They’re creating content on the fly sometimes, which as we know is a no-no at the end of a project. So the best way to combat that really is to start collecting that data early in the process. If we can join in on the project and the project deliverable planning early in the process at the design phase even, that really creates the framework for us to start to make sure we’re collecting data through the execution, field execution. And it’s just a natural part of the actual construction build process. So really again, using the tools that you have at your disposal to populate your turnover deliverables and to create a robust inventory of what you’re going to hand over at the end is the best way to really set up a successful framework regardless of the project and regardless of the industry. That my thoughts on project turnover, Rob.
Rob Bryant: That’s great Lili. Thank you. Yeah. There’s a lot happening in that space. And again really good to get your insight on how that, things that really have just come out of very real world scenarios over the last few years. And where we are now providing a solution that accommodates those exact use cases and reduces the stress and reduces the risk as you get through to that point in the project life cycle. So we’ve got a bit of time now to double back and ask you as a panel. So Rick, Nate, Lili heads up, got a couple of questions for you.
I wanted to ask you all what you see being key themes as we look ahead. I mean, we’re right at the tail end of 2021 and you’ve just taken us through some of the innovations that are already live in the solution that people are able to take advantage of today. What are some of the themes that you’re each seeing as a way that we are developing a solution? And the way that we’re responding to market needs, market requirements as we get into 22 and as things continue to evolve? So perhaps Lili I’ll start with you given that you’ve just brought us through on where Completions is at right now.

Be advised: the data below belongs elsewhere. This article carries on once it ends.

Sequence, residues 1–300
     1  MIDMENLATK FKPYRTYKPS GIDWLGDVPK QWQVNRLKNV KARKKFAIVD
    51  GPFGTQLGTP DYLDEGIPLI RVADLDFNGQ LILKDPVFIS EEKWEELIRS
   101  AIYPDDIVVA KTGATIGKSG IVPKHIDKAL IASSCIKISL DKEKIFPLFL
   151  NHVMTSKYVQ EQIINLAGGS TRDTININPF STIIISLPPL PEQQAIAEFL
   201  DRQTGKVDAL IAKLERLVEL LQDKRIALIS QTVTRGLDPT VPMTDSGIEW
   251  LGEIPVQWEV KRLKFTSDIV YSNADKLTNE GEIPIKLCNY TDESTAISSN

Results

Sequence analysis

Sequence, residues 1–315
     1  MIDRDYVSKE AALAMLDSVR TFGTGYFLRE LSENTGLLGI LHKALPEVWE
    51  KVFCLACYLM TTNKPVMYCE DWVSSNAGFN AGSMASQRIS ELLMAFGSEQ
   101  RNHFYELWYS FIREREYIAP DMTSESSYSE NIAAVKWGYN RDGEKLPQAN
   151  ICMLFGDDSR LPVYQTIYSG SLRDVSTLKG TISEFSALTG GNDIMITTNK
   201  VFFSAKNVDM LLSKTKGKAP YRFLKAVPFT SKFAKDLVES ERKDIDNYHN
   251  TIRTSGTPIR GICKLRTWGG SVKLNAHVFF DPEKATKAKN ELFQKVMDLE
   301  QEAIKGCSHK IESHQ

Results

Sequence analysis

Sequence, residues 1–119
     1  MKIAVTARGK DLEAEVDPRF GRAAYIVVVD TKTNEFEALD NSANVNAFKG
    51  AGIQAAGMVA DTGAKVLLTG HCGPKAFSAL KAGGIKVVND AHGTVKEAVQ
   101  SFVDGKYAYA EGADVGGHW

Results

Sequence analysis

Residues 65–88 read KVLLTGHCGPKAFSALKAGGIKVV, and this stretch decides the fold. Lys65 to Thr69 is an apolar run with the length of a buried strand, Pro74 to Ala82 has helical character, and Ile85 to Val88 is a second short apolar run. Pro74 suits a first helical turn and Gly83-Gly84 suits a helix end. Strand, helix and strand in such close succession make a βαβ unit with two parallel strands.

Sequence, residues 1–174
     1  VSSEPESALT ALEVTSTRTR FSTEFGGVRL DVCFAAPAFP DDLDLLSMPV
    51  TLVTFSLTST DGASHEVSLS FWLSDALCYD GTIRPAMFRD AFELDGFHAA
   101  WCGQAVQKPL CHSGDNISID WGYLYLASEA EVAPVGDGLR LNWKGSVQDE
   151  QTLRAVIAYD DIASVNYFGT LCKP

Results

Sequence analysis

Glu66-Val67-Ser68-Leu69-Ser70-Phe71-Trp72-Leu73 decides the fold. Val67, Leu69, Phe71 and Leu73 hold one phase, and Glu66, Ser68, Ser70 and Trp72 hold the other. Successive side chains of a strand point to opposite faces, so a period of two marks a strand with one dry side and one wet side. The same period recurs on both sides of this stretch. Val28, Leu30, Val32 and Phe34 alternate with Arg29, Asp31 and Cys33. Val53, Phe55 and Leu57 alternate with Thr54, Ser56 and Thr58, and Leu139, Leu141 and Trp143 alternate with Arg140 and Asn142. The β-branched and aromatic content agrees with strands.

Lili Sander: Thanks Rob. Interesting question. And so appropriately timed as we continue to plan through 2022 and look ahead to 2023. From my perspective, and I think you’ll hear this probably resonated throughout all of the panelists here, is we’re really focusing in on integrations across the platform. So continuing to enhance what data we can pull through to the Model and through the Completions life cycle. So again, from procurement through operations, what sort of information becomes ripe for analytics and insights?
And additionally, specifically at least on my side of the house, we’re really focusing in on enhancing mobility offerings, right? What can we give to the field teams? How can we drive a lot of that insight and data into the hands of the folks in the field instead of creating static reports or perhaps waiting till we get back to the office to execute against some of those key activity?
Rob Bryant: Yeah, nice. Nice. Yeah. Well it’s a rapidly evolving space, of course. And we’re seeing more and more of the requirements come through I think probably as a result of organizations and projects and owners in particular becoming more sophisticated and evolving their progress along digital transformations. So I guess they’re in a better position to start thinking about those things now.
Lili Sander: So true.
Rob Bryant: So Lili, there was another question that came through live during the session today. Gobe was asking the question about InEight’s capacity around digital twins. And just how we accommodate that through our solutions. Would you like to just give us your thoughts on that?